Prepaid cards have become the go-to alternative to traditional bank accounts and credit cards, yet many still have hidden fees and lack basic safeguards, exposing consumers to risks that could leave them financially devastated.
A report released Tuesday by Consumer Reports reveals the dangers of using some prepaid cards, the plastic cards you can load and reload without a bank account.
Because more consumers have bad credit or are trying to avoid credit card debt and bank fees, prepaid cards have grown in popularity. Yet the industry remains largely unregulated and devoid of the protections that most bank accounts and credit cards offer, raising concerns that some American households may be vulnerable to shady prepaid-card practices.
“Depending on what you’re planning on using the prepaid card for it could be completely useless,” said Odysseas Papadimitriou, CEO of CardHub.com, a credit card education site. “You could end up spending a bunch of money and not get what you need.”
Consumer Reports reviewed 26 prepaid cards and ranked them based on hidden fees, ongoing monthly fees, whether they can be used at ATMs, protection against fraud or bank failure and transparency about their policies and services. Some cards charge users high fees for “inappropriate” reasons, such not using the card, needing a replacement card or calling customer service, according to the report.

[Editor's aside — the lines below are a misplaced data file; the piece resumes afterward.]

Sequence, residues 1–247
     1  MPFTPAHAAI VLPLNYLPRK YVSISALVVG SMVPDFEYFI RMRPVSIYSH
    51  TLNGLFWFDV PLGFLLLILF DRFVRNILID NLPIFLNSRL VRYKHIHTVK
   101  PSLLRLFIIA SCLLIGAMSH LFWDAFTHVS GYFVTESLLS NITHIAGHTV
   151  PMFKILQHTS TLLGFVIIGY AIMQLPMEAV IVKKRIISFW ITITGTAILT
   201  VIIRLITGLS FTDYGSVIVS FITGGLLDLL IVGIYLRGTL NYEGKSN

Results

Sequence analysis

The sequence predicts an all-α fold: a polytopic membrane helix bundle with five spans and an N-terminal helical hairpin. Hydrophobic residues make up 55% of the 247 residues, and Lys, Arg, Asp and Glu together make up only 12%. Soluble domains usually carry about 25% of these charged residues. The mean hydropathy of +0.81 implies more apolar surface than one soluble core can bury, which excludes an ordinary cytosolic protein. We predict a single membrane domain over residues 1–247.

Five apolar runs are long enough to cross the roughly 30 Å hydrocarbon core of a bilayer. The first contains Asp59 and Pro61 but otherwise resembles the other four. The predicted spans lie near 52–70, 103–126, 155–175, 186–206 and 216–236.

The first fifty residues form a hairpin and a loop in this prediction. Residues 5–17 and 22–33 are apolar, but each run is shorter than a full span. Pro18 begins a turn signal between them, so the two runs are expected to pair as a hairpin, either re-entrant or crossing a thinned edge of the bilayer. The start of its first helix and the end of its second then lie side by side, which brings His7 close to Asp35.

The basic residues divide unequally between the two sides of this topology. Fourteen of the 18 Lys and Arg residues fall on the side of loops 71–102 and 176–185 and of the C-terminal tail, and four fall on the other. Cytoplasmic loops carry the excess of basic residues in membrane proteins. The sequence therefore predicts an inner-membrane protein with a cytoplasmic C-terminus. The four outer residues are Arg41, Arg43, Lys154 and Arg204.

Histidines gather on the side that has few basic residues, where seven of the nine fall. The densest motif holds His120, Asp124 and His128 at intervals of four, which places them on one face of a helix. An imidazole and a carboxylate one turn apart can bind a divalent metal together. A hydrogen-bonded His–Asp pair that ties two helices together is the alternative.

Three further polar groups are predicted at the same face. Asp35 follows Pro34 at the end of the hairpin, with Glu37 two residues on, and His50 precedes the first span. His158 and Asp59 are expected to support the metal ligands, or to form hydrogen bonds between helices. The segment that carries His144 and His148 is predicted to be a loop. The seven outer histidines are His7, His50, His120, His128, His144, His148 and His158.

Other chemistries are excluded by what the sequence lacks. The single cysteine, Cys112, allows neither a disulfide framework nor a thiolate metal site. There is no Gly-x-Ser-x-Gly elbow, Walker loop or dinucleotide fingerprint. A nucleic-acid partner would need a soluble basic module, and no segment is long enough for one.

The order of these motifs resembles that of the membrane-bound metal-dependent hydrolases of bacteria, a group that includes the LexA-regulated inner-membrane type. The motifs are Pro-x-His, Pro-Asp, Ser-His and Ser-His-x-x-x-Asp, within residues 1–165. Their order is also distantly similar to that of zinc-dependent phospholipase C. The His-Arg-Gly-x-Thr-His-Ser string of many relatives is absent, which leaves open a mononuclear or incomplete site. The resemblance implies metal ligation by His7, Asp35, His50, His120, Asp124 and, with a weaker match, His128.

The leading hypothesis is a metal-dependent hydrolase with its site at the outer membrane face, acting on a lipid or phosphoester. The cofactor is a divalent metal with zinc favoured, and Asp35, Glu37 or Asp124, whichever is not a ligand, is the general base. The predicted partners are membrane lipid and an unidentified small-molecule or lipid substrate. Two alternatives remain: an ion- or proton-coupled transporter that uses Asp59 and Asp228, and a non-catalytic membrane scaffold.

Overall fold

With some prepaid cards, there’s no guarantee you’ll ever get your money back, said Michelle Jun, a senior attorney at Consumers Union.
“If someone steals your wallet, it’s pretty much up to the company,” Jun said. “But you can’t point to a federal law or regulation to save you.”
Cards such as the American Express for Target, which Consumer Reports ranks last, have no protection through the Federal Deposit Insurance Corp., the federal agency that insures bank deposits.
Not all prepaid cards are risky. Jun said many companies have added insurance, lowered their fees and improved their policies so they function nearly the same as a checking account.
Prepaid cards have become more popular since the financial crisis, particularly among low-income consumers, who may not qualify for a checking account, and young adults wary of big banks and debt. By the end of 2014, prepaid-card users in the United States are expected to add $167 billion to their accounts.
The U.S. Consumer Financial Protection Bureau is cracking down on unfair prepaid-card practices, and last year asked for input from consumer groups to ensure that consumers’ funds on prepaid cards are safe and that card terms and fees are transparent.